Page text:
This may be my favorite comfort food of all. I loved 'em from the very first time my mother placed a platter of them on our kitchen table one evening many, many years ago.
Back then, the recipe was pretty simple. My mom started with ground beef, cooked it in a skillet, and then added diced onion, ketchup and (of course) some flour to give it that body that makes it easier to rest on a hamburger bun.
Like my mother's recipe, I drain the hamburger meat to remove most of the rendered fat. But leave a little in the skillet. Over the years, I've come to the point where I add a few more ingredients: a tablespoon of molasses, a 1/4 cup of diced green or red bell pepper, a teaspoon of Tabasco (just to give it a slight kick) and although I use about 1/3 cup of ketchup, I also add a 1/4 cup of a premium tomato sauce like Classico. (Instead of molasses, Rachel Ray's recipe includes a similar ingredient: brown sugar.)
I love bacon as much as the next person, but I consider it overkill to add (as this foodie site endorses) a slice of bacon atop the sloppy joe meat. And what the hell is an ingredient like corn doing in a recipe for sloppy joes? Ugh. I just think these ingredients complicate a dish that is wonderfully simple and tasty.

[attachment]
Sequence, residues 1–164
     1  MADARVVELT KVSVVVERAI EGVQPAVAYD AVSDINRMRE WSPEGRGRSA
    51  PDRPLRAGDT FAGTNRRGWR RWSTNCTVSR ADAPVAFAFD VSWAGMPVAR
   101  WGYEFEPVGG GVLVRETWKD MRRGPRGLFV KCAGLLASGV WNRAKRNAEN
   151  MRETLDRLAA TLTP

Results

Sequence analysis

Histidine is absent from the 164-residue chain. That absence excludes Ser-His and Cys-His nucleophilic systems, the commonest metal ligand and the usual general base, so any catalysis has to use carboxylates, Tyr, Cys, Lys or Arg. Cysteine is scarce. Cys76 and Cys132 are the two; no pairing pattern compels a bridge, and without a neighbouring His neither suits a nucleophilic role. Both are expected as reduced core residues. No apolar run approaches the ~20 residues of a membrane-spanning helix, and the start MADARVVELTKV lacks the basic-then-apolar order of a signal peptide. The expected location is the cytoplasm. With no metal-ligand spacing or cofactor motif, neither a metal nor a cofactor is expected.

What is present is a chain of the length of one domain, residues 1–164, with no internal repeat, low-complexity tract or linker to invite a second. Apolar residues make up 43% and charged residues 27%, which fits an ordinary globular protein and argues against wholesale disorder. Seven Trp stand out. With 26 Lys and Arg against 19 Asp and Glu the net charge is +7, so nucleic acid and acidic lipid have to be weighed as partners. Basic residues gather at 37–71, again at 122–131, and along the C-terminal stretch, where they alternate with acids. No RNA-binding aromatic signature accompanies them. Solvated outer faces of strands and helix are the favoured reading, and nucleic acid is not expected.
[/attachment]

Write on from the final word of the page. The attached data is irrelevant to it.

Enough diversionary comments. Back to my recipe -- the second-to-last ingredient is three tablespoons of beer. Does that sound a little crazy? Try it. It really does add a unique flavor.
Then I just add enough flour to help the meat coalesce. The meat never sticks together perfectly, but that's something to celebrate. After all, they are called sloppy joes. Which is why you should serve 'em with a fork.
I see some sloppy joe recipes with other ingredients, like this one with yellow mustard and garlic powder. Mustard? I'm not sure I see the value of adding it. I generally love garlic, but my feeling is that it just doesn't work for sloppy joes.
Whatever you do, avoid the temptation of using one of those Manwich-style pre-prepared sloppy joe sauces. They just aren't as good as doing it yourself.